The Most Dangerous Games: Frequently Asked Questions, Vol. IV

bell book candle

Previously: Frequently Asked Questions, Vol. III

Let’s open it up to another round of frequently asked questions, shall we? I’ve been thinking about creating a permanent page for these; the link to it would live in the menu bar (like the About page and the Vault), and would both include links to all the existing (and all successive) volumes of Most Dangerous Games FAQs and — ideally — catalog all the questions and answers about the games we’ve addressed here so far, all in one easy-to-access spot. Any interest? If you all think it might be useful, Gentle Readers, let me know; it’d be sort of an ongoing project to pull it together, as it’ll take me some time to organize all the questions and answers by game onto one page, but I’ll see what I can do.

One thing to note: After this volume of frequently asked questions, there is one question that I will not attempt to answer again in any form. A huge number of queries submitted here are literally the same question every single time, no matter which game it pertains to or what the specific details are: “What happens if I do this thing that goes completely against the rules of the game?” Honestly, these kinds of questions baffle me. The rules exist for a reason; it’s my understanding that they’re as much about keeping you, the player or players, safe as they are about making the ritual work, so I don’t really get why you’d want to willfully ignore them. At best, not following the rules will simply cause the ritual to fail (which is boring); at worst… well, you don’t want to know what happens at worst. Whatever it is, it’s bad. Really, really bad. Never-ever-recovering-from-it bad.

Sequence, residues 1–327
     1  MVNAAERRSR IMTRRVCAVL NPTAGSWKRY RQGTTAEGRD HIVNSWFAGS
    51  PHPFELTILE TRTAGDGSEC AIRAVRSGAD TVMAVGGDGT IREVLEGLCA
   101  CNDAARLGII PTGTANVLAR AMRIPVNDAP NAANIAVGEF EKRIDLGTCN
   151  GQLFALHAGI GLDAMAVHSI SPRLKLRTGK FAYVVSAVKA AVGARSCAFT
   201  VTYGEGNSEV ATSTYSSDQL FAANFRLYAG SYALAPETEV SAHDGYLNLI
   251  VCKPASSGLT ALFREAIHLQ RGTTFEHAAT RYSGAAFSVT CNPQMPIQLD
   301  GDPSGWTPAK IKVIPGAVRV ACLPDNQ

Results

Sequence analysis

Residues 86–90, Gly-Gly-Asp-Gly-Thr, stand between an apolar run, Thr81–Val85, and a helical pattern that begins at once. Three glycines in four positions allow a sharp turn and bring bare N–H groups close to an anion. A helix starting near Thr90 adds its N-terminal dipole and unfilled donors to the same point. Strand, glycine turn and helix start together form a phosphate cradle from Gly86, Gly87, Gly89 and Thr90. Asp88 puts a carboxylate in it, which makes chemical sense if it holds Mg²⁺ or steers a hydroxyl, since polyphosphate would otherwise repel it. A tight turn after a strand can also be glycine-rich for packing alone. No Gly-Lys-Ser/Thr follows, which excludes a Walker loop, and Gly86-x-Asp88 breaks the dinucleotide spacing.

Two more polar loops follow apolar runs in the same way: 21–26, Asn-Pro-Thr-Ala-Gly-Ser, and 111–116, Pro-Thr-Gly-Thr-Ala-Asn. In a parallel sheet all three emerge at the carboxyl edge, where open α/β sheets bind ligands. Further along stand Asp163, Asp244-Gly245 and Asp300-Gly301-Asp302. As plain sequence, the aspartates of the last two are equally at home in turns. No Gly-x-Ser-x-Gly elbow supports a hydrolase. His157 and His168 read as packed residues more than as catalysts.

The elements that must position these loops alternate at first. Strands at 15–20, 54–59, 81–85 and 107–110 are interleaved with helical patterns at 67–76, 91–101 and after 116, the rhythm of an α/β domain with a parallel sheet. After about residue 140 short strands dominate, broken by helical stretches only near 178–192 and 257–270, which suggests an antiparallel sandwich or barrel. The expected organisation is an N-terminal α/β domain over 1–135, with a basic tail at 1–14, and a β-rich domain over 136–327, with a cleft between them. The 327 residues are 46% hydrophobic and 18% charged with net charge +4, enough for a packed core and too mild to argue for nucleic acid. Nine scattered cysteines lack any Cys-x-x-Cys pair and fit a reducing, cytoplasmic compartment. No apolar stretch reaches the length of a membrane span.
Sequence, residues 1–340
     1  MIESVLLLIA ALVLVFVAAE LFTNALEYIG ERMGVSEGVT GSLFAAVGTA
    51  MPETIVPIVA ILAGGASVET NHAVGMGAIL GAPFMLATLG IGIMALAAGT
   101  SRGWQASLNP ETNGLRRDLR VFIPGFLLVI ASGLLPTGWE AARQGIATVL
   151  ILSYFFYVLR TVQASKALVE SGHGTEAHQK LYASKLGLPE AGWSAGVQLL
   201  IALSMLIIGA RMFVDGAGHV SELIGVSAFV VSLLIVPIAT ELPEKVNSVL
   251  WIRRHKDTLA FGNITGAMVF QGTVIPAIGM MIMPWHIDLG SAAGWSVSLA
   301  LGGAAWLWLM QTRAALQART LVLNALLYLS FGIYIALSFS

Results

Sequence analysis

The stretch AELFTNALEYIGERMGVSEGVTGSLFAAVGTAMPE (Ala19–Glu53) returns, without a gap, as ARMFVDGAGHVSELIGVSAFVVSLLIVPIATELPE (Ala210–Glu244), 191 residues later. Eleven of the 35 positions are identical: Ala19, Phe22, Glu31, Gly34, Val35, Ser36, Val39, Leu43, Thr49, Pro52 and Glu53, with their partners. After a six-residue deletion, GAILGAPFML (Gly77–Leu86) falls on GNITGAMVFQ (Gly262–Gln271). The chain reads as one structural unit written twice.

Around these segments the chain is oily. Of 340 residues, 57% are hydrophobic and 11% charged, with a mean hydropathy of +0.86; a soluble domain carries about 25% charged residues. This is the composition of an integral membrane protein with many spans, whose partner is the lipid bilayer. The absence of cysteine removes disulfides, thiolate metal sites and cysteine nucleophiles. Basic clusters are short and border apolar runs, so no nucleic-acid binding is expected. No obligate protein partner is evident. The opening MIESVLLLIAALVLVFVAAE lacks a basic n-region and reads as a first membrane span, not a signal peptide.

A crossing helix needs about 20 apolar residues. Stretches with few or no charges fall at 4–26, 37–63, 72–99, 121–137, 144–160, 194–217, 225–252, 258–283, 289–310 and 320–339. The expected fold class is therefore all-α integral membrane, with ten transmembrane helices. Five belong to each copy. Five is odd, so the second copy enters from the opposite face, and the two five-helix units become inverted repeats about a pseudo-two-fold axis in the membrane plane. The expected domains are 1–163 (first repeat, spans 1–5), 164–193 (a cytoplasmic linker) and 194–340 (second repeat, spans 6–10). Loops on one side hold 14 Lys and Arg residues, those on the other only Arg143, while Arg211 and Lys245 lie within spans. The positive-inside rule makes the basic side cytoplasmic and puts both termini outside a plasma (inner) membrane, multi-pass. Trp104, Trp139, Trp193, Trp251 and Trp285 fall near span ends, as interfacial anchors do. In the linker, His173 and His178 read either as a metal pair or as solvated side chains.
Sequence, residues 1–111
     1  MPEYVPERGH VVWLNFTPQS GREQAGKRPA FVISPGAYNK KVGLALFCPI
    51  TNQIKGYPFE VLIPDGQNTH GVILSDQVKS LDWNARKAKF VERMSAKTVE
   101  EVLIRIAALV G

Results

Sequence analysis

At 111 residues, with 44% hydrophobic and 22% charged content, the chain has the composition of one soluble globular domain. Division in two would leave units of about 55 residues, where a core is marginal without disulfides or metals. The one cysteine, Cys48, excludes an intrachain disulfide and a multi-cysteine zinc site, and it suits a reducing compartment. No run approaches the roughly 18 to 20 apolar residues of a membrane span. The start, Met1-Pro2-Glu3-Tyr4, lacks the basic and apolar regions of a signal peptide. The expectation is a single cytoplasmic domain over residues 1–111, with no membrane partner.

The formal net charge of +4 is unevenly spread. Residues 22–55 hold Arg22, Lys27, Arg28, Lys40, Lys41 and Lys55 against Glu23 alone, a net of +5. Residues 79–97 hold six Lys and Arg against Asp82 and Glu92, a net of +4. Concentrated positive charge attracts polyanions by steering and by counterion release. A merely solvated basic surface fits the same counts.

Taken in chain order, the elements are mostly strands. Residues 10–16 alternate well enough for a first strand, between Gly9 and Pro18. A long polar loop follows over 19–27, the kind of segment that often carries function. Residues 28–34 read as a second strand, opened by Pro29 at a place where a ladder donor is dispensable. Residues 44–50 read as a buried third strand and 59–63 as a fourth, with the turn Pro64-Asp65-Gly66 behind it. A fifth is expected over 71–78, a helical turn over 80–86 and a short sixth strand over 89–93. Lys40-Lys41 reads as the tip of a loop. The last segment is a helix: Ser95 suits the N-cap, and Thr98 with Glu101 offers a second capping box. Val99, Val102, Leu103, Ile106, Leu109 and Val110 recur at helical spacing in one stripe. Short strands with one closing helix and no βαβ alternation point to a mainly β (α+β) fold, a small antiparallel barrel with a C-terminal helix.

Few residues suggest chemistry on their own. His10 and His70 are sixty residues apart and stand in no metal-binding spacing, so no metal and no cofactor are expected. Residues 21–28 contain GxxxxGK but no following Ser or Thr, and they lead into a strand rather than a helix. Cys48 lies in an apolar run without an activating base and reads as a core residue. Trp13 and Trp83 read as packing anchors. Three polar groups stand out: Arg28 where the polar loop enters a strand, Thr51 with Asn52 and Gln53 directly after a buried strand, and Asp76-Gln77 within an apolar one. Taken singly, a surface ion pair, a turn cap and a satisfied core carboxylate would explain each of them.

On that note, we’re going to kick off with a question that has been asked for just about every single-player game we’ve covered here on TGIMM:

General:

Can I play [game that only specifies one player] with a partner?

No. Unless the rules stipulate that multiple people are either permissible or necessary, assume you’ll be playing alone. Bringing a partner will — again — at best, simply cause the ritual not to work, and at worst, cause something terrible and irreparable to occur.

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Land Of Oz Amusement Park At Beech Mountain, NC Will Be Open Fridays In June During The Summer Of 2016

Tucked away atop Beech Mountain in North Carolina is a tiny town that bears the same name as the mountain that houses it. The population is small — only several hundred people — and besides the fact that Beech Mountain is geographically the highest town in the United States east of the Rocky Mountains, making it a good spot for skiing, there isn’t much else to draw people there. It does, however, have something completely unique that’s worth visiting — as long as you can get in, that is. Your next opportunity is coming up soon, too: The Land of Oz theme park will be open on weekends in June in 2016, so if you’ve always wanted to see it, now would be the time to get planning.

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Creepypasta of the Week: “The Weird Part Of YouTube”

static

Previously: “The Puppetmaster’s Regime.”